Kiskaddon and artist Katherine Field collaborated on works for the Los Angeles Union Stockyards calendar and the Western Livestock Journal from 1936 to 1942, when she had to stop working to take care of her ailing parents and her children. In 1949 they renewed their partnership. Kiskaddon died in 1950 and had written six-month’s worth of poems in advance. Field illustrated them all before her own death in 1951.The two never met in person.

Find more about Kiskaddon and more about Siems’ book at CowboyPoetry.com in our Kiskaddon features.

 

RAIN by Bruce Kiskaddon (1878-1950)

waitingoutbo“Waiting Out the Storm,” by Bill Owen (1942-2013) request permission for use.

RAIN
by Bruce Kiskaddon (1878-1950)

It’s sumpthin’ a feller caint hardly explain
The way that a cowpuncher feels about rain.
It makes the feed grow and it fills up the tanks,
And generally speakin’ he’d orta give thanks.
He wakes up some night when the rain hits his bed
And pull the tarpolian up over his head.
It’s warm when it rains and he gits overhet
And he lays there all night in a miserable sweat.

He wakes up next mornin’, his boots is all soaked
Jest laugh that one off if you think it’s a joke.
He pulls at the lugs and he stomps and he knocks
Till he drives both his feet through the toes of his socks.
He gits his boots on but you know how it feels;
No toes in his socks and them wrinkled up heels.
When he goes to ketch out it ain’t no easy trick
With a rope that is wet and as stiff as a stick.

He dabs for his hoss and he makes a good snare
But the hoss downs his head and backs right out from there.
Fer a cow pony knows you caint tighten a loop
When you ketch with a rope that’s as stiff as a hoop.
When he gits saddled up he must climb up and ride
And that wets the last dry spot he had on his hide.
The hoss starts to buck but that cow boy is set
Fer a man’s hard to throw when his saddle is wet.

All day he keeps ridin’ the flats and the hills,
A slippin’ and slidin’ and likely he spills.
When he gits into camp he must stand up to eat,
And his clothes is all wet from his head to his feet.
He stands ’round the fire, he cusses and smokes,
Fer he hates to git into a bed that’s all soaked.
But his slicker’s wet through fer it’s old any way,
And there’s mighty few slickers turns water all day.

And while he turns in, and as strange as it seems
He goes off to sleep and he sweats and he steams.
Next mornin’ it’s clear and the wind’s blowin’ sharp
He shivers and crawls out from under his tarp.
By the time he eats breakfast he’s feeling all right
And his bed will dry out by a couple more nights.
But the old saddle blankets are still cold and wet,
And the hoss humps his back and looks wicked you bet.

Old cow boy is tired, he’s stiff and he’s sore,
He’s had lots of trouble, he don’t want no more.
So he takes that old pony and leads him around
Till he gits his back warm and the saddle sets down.
Fer the man that’s been rained on two nights and a day,
Ain’t lookin’ fer trouble; he ain’t built that way.
He wants feed and water but let me explain,
A waddy ain’t comf’tble out in the rain.

…by Bruce Kiskaddon, from Rhymes of the Ranges and Other Poems, 1947

Kiskaddon worked for ten years as a cowboy, starting in 1898, working in southeastern Colorado’s Picketwire area. He wrote many poems still read and recited today.

Near the end of his life, Bruce Kiskaddon collected many of his previously published poems and one hundred never-before-published poems for his book, Rhymes of the Ranges and Other Poems. This poem is one of those one hundred. Bill Siems writes in his monumental Open Range, which collects nearly 500 of Kiskaddon’s poems, that the 1947 book “…has been the ‘bible’ of Kiskaddon’s poetry since it first appeared…”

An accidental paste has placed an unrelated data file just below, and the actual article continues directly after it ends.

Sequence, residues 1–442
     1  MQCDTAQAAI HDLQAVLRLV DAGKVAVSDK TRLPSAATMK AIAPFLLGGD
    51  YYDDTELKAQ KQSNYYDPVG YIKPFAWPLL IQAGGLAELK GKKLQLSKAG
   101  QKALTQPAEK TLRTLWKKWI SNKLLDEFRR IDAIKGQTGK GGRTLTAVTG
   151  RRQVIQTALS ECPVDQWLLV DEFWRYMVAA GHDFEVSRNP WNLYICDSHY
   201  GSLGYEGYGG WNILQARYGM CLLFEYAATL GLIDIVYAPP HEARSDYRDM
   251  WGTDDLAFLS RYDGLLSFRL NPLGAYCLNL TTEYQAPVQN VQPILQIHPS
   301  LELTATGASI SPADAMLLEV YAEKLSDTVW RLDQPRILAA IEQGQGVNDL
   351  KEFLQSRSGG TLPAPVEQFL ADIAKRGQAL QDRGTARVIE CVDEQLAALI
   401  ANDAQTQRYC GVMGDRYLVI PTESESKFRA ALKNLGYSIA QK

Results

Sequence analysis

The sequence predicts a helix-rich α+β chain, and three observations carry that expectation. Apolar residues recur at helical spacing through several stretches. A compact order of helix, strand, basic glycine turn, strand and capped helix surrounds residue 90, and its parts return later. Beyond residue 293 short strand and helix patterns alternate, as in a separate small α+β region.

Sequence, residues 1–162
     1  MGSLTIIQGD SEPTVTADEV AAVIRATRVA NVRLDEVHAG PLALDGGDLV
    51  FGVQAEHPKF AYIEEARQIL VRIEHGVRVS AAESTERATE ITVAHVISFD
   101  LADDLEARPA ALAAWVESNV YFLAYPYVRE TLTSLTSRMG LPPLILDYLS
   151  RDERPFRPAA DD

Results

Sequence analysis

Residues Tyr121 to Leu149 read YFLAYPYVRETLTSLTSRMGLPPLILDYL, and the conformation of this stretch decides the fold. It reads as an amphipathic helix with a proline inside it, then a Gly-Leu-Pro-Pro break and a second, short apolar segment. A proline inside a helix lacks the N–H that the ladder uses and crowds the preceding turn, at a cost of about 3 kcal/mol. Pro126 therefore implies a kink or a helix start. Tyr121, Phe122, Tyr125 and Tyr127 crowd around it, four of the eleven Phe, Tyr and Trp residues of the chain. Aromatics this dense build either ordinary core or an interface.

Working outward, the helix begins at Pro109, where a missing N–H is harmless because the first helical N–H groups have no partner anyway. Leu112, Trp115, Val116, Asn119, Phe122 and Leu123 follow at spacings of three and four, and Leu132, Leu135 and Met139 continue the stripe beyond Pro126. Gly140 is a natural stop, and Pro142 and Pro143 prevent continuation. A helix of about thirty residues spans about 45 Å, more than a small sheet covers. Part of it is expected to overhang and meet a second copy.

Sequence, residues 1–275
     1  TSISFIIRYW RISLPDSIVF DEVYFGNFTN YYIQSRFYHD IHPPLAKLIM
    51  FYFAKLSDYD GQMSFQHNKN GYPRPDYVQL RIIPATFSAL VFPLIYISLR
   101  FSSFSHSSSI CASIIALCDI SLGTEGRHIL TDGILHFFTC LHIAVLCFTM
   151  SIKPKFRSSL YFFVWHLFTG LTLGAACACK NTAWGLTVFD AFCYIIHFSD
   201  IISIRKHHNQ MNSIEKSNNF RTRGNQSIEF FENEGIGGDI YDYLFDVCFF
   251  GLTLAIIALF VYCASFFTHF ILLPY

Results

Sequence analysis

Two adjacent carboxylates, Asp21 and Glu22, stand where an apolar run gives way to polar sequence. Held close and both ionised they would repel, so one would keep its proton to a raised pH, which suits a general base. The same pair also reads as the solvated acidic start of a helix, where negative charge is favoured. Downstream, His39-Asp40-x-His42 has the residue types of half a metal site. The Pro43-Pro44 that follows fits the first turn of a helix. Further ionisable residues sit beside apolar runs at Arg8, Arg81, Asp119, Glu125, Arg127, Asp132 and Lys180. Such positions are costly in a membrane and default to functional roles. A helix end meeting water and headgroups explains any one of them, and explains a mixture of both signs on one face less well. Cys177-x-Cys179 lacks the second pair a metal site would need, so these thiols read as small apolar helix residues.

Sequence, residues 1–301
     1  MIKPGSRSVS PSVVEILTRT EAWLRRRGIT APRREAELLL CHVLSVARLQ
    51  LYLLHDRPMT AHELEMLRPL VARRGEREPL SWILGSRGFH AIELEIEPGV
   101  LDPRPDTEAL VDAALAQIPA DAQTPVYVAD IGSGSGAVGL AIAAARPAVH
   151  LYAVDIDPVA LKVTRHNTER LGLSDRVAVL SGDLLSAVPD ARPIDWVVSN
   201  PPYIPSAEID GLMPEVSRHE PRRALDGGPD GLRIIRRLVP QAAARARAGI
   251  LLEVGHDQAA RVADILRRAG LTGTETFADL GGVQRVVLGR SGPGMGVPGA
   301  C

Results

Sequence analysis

Find much more about Kiskaddon: many of his poems; a feature about Bill Siems’ Open Range; Siems’ collection of Kiskaddon’s short stories, Shorty’s Yarns; and more at CowboyPoetry.com.

This painting, “Waiting Out the Storm,” is by the great Bill Owen (1942-2013).

Bill Owen was a cowboy’s painter. His web site tells, “Bill always felt compelled to record what he believed to be the true endangered species of our time: the contemporary working cowboy. He was extremely passionate about the importance of portraying each and every detail with complete accuracy.His greatest accomplishments and proudest moments were realized when a true cowboy looked at one of his pieces and said, ‘That’s exactly the way it is!’”

We were proud to have Bill Owen’s “Born to This Land” as the image for the official poster for the ninth annual Cowboy Poetry Week, 2010.

Visit billowenca.com for more about Bill Owen; find more about Bill Owen at CowboyPoetry.com; at the Cowboy Artists of America site; and see more on Facebook.

Bill Owen’s good work was also in good works: he founded the the Arizona Cowpuncher’s Scholarship Organization to help finance college educations for young people from the Arizona ranching community. The organization is now called the Bill Owen, Cowboy Artist, Memorial Scholarship Fund, Inc.

Thanks to Val Fillhouer​ for her kind permissions.

 

CUTTIN’ OUT THE CALVES by Bruce Kiskaddon (1878-1950)

img359

 

CUTTIN’ OUT THE CALVES
by Bruce Kiskaddon (1878-1950)

Well now them purty little calves
has sorter come to grief.
A lot of them is shipped away
and et fer baby beef.
And if they don’t get shipped away
they got to leave their Ma.
They got to quit a drinkin’ milk
and larn to eat and chaw.

But any time a feller thinks
they’re easy separated
He’d orta try and cut ’em out
and he’ll git eddicated.
You caint tell what a calf will do—
he’s allus actin’ crazy.
I’ve often thought, twixt me and you,
his mind was sorta hazy.

But then a old cow ain’t like that.
I needn’t to explain.
I’ve seen some heads in onder hats
that didn’t have her brains.
A crazy calf and foxy cow,
when once you git ’em mixed
I aim to tell you hear and now
can pull a lot of tricks.

They make a cuttin’ pony sweat;
they make a cow boy ride.
They git yore temper overhet
and rile you up inside.
To stop and think it aint so bad,
and afterwards it’s fun.
But man it mostly makes you mad
before you git it done.

…Bruce Kiskaddon, 1933